Since the efficiency of Bayesian optimization mostly hinges on properly modelling the objective function, picking an appropriate model is essential. Usually, the model of choice is a Gaussian process with a simple Matern or SQE kernel, which is prone to model miss-specification. The proposed method extends the main loop in Bayesian optimization by an additional step to automatically select promising models based on the observed data. To solve this inner optimization problem, they use Bayesian optimization in model space to find a composition of kernels that account for the uncertainty of the objective function. Overall I do think that the method is sensible and addresses an important problem of Bayesian optimization, i.e model miss specification. Also, the paper is well written and clearly structured and I really enjoyed reading it. However, even though the authors show that the proposed method outperforms a set of baselines, I am bit concerned that all the necessary approximations might make the method brittle against the choice of its own hyperparameters in practice. Questions for rebuttal: 1) Could you give some more insights how sensitive the method is against its hyperparameters? 2) How high is the additional optimization overhead of the method. Could you plot the performance also over wall-clock time? 3) Does the method also allow to combined models other than Gaussian processes, i.e random forest, Bayesian neural networks etc.? 4) Do you have any insights how the model changes during the optimization? I assume that the components of the ensemble become at some point relatively similar. 5) Does it make sense to combine the model selection with from the acquisition function to gather data that helps to obtain a better model? I think of an active learning phase in the beginning where Bayesian optimization is mostly exploring anyway. --- Post Rebuttal --- I thank the authors for answering my questions and I appreciate that they will clarify them in the supplementary material.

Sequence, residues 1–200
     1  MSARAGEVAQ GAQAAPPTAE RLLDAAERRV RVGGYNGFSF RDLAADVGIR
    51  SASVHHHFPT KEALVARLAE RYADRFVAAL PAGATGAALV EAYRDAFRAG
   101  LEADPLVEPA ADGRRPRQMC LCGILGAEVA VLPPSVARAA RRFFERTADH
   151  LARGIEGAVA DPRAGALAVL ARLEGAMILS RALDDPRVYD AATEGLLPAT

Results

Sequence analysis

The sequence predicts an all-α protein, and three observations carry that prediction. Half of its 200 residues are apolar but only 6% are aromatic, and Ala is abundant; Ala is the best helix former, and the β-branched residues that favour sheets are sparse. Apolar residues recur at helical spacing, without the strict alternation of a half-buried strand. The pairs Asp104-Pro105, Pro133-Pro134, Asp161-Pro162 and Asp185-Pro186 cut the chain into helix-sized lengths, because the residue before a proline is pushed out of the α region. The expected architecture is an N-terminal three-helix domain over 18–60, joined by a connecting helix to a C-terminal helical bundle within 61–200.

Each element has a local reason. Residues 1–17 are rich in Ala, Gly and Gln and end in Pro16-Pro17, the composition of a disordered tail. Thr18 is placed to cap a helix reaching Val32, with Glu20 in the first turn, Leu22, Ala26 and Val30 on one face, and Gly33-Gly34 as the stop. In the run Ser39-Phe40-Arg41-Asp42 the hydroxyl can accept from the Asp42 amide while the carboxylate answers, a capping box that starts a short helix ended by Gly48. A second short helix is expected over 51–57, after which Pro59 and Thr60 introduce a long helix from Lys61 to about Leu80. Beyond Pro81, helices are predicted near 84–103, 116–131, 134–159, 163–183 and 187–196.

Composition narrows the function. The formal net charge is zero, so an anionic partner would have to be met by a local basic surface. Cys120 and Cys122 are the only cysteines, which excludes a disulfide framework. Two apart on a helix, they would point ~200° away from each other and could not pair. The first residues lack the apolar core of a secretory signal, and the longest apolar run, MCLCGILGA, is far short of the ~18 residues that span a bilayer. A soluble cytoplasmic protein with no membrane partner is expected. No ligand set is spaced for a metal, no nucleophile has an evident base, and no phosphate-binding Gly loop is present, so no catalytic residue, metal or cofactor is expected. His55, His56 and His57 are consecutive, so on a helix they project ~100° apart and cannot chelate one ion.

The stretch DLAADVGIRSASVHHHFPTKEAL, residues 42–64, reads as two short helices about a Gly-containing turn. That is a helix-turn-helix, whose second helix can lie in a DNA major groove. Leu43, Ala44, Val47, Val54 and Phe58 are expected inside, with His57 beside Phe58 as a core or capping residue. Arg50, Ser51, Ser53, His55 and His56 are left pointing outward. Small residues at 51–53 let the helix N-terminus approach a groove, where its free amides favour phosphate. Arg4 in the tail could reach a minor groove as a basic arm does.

PAPER SUMMARY: This paper investigates a new Bayesian Optimization (BO) approach that automatically learns the correlation structure (i.e., kernel function) of the GP model of the black-box function while collecting observation to optimize it. The key idea is to run a second BO on the model space (i.e., a collection of complex kernels generated by summing and multiplying base kernels) at each iteration to update the list of model candidates before choosing the next observation. This 2nd BO routine casts the model evidence as a random function distributed by another GP. The implementation is adopted from a previous work (BOMS) on model selection via BO. SIGNIFICANCE & NOVELTY: This is an interesting problem & the approach taken is fairly new to me. I do, however, have the following concerns regarding the significance & technical soundness of the proposed solution: The authors propose to treat the data collected at earlier stages as noisier observations to avoid recomputing the model evidence (as new data arrives) & claim that it would make the search better informed. This is, however, a strange intuition: adding (implicitly) more noise to earlier observations only increases the prediction variance & while it might help preventing the model from being overly confident in its prediction, it does not make the model more informed because the quality of information remains the same if the model evidence is not recomputed. Section 4 (line 150-151) seems to suggest that the noise variance of a sample candidate depends on the previously collected samples. If this is indeed the case, the integration in line 179 is no longer analytically tractable. The description of Algorithm 1 is somewhat confusing: the update model sub-routine is said to recompute the corresponding model evidence before running the 2nd BO sub-routine on the model space but I thought the entire point here is to exploit heterogeneous noise scheme and avoid recomputing them? What exactly does the update model sub-routine do? How do we set the model prior p(M)? At the beginning of a new iteration, the pool of model candidate is expanded & the prior will need to be changed. This does not seem to be discussed in the main text. Also, another issue is the large no. of approximation layers involved in computing the acquisition function for the main BO routine (see Section 4.1). This might affect the solution quality and I am raising this concern because I think the experiments are not very conclusive in this regard (please see my comments below). EXPERIMENT: If I understand correctly, the whole point of adding an extra model-searching BO sub-routine is to boost the performance of the main BO process. To demonstrate this conclusively, besides the experiments that the authors have presented, the proposed approach should also be compared with other state-of-the-art BO algorithms (e.g., predictive entropy search (PES) , upper-confidence-bound (UCB) ant etc., ) implementing the best model among a set of pre-selected candidates. However, in this regard, the proposed approach is only compared with a baseline including a standard EI implementing the simple non-isotropic SE kernel. Is this SE model among the proposed approach’s pre-selected pool of candidates & is it the best among those? Also, the experiment description seems to suggest that this baseline is subject to the same amount of approximations in Section 4 (see lines 185-186). This is somewhat strange because EI is analytically tractable and such approximations are not necessary and only serve to weaken the baseline. For a more conclusive demonstration, I would suggest the authors to compare their method with other state-of-the-art BO algorithms (without model selection) implementing (a) the worst and (b) the best model among those in the pre-selected pool. If the model selection machinery is efficient, we should at least see ABO outperforms (a) and approaching (or surpassing) (b) & this would resolve the last issue that I mentioned in the previous section (regarding the stable quality of the resulting solution after being subjected to multiple approximations). CLARITY: The paper is clearly written. REVIEW SUMMARY: I find the problem investigated in this paper novel & interesting but I have a few concerns and doubts regarding the proposed solution as well as its empirical evaluations, which are not very conclusive. ---  https://arxiv.org/abs/1406.2541  https://arxiv.org/pdf/1206.2944 --- Thank you for the rebuttal. My first comment in the significance & novelty section is about the inner BO routine (not the outer BO routine as interpreted in your response). I do understand that by adding noises to the evidence observation to discourage poor model & at the same time, acknowledge that some of the old model evaluations might be out of date. This however does not really explain how this would make the inner BO routine more informed in model search (e.g., how would a previously discarded model get reconsidered in light of new data? If the model search only uses its model evaluation + artificial noise, how could the predicted score of the discarded model be improved to make the search more informed?). Secondly, part of my concern is whether the SE model is competitive against other model candidates in the pool. If it is less competitive than the others then the benefit from considering more model is not shown conclusively. I still think that the authors should compare with other models in the pool to demonstrate the efficiency of the developed model selection machinery.